To James McHenry
New York Aug 19, 1799
I return you the papers of Mr. Williams which you sent me1 at his desire for perusal. The explanation and your final opinion of the affair have given me pleasure, as I should be sorry that any circumstance of improper conduct should have stood in the way of the employment of Mr. Williams.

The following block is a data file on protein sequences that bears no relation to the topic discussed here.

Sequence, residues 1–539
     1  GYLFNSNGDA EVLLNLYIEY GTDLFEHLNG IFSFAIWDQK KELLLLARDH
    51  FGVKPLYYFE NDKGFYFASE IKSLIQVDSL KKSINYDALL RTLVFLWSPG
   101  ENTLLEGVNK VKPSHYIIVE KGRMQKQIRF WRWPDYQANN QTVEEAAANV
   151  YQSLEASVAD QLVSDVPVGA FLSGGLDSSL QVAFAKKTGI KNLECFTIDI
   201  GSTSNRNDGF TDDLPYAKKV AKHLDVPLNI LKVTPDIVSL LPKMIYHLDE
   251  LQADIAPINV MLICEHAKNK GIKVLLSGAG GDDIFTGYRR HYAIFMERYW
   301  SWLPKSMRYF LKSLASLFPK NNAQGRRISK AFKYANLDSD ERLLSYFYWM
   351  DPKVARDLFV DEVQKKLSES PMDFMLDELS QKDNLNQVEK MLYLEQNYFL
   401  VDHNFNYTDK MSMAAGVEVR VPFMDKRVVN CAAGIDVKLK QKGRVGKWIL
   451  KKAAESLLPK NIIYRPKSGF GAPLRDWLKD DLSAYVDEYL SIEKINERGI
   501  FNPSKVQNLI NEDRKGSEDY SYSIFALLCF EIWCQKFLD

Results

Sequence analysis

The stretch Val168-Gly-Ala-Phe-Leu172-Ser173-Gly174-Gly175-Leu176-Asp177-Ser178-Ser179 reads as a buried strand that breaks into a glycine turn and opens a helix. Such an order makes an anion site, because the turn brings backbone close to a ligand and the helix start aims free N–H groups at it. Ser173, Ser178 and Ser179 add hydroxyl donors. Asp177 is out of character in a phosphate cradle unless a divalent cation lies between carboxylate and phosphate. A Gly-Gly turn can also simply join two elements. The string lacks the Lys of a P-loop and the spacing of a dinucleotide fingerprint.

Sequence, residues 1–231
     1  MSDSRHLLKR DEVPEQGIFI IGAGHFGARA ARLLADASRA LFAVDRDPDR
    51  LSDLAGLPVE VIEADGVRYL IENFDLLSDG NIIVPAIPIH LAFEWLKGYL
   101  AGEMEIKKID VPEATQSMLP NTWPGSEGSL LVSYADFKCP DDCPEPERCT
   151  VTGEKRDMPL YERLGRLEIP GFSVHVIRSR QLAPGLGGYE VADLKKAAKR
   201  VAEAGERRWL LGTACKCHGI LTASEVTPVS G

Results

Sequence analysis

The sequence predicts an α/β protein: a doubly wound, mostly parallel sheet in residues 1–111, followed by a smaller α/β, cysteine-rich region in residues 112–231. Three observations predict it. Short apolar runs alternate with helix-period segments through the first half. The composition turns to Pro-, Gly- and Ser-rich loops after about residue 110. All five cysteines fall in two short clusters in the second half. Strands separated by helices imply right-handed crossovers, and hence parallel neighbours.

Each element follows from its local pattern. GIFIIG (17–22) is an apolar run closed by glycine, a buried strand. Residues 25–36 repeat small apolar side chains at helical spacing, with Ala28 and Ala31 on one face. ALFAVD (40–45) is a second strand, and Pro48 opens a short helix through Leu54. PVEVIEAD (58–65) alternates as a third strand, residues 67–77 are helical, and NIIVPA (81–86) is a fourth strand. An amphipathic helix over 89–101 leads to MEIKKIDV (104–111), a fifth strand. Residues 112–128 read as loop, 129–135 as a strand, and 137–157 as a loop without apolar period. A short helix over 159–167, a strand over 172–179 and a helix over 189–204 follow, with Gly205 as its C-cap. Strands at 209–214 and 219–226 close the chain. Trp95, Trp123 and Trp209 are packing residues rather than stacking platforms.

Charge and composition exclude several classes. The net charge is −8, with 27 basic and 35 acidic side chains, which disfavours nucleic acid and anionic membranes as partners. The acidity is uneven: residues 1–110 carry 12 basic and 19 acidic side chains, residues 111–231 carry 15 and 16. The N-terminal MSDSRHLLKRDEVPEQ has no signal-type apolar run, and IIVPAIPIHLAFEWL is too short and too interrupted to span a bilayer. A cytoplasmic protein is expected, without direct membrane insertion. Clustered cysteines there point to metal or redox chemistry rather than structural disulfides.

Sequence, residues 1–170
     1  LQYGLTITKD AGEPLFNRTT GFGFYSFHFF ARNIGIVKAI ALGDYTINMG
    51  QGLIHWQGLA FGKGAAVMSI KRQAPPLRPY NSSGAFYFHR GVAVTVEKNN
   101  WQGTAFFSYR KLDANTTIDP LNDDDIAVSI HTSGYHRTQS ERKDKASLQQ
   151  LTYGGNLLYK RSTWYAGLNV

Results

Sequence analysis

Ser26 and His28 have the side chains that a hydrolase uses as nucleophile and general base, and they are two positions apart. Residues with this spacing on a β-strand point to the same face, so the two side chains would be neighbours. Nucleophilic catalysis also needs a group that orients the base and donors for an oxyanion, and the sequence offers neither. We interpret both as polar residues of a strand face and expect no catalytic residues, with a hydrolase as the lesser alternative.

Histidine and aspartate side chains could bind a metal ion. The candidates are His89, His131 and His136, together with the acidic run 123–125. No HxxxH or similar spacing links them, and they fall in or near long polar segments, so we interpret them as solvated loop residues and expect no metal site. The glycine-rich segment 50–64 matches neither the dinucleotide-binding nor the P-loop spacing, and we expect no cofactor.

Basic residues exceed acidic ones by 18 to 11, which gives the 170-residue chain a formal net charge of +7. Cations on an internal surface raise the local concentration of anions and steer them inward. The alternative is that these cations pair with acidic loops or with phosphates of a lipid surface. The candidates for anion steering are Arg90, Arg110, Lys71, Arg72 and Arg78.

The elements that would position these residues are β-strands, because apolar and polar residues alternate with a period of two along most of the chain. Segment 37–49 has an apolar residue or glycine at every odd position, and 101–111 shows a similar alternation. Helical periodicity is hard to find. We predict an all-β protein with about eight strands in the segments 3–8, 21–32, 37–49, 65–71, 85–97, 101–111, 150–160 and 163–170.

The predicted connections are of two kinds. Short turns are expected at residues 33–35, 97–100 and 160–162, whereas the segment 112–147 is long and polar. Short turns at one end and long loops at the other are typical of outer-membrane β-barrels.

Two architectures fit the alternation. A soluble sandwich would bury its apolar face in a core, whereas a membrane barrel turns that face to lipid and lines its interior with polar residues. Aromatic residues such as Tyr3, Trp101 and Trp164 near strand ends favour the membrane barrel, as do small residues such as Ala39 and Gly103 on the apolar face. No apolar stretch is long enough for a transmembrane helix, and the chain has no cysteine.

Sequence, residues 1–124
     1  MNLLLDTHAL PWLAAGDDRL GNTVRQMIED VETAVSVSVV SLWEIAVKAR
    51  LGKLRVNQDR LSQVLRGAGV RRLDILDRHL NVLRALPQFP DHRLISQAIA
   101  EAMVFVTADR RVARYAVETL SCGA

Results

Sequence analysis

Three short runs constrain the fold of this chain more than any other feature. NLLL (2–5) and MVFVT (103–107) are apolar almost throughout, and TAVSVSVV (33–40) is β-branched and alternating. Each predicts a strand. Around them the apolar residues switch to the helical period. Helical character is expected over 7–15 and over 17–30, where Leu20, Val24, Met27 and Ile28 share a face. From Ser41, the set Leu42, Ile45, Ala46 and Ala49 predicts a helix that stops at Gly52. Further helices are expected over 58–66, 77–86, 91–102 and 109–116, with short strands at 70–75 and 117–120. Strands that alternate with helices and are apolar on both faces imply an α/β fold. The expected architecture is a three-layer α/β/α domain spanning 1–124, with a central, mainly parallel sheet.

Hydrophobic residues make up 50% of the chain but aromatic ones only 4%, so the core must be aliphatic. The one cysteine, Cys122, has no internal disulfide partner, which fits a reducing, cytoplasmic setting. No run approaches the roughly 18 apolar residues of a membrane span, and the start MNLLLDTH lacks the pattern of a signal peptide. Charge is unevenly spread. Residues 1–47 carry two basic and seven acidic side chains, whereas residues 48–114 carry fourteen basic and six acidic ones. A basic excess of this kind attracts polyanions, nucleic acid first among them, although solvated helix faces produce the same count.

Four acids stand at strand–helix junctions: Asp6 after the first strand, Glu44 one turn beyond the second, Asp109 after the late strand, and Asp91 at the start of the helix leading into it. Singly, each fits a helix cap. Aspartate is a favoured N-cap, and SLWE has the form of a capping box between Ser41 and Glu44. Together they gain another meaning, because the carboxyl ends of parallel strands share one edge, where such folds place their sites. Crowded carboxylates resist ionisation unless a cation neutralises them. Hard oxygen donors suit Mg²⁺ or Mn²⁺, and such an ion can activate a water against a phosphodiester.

I regret extremely that obstacles should exist to the requiring of the resignation of Mr. Francis. You are apprized of the good opinion I entertain of the probity of this Gentleman and of his talents for business within a sphere of action which will admit of an immediate personal attention to every thing which is to be done. But you are no less apprised of my perfect conviction of his incompetency, at his present time of life, to execute an office which embraces extensive and complicated objects; in which system and arrangement and various combinations are necessary. It is a satire upon our Government that he cannot for whatever cause be removed. The number of powerful connections which he has2 is I trust not the obstacle. If it has any weight, I think it may be relied upon that the most inflential of them would from conviction acquiese in the propriety of the measure. But if he must remain, certainly there ought to be no ceremony about giving him good assistants whether of his own choice or not. In this it is most regular that the two departments should concur. But if they cannot, as Secy of War I should not hesitate to insist that he should employ such organs as I deemed requisite for executing well the business of my department.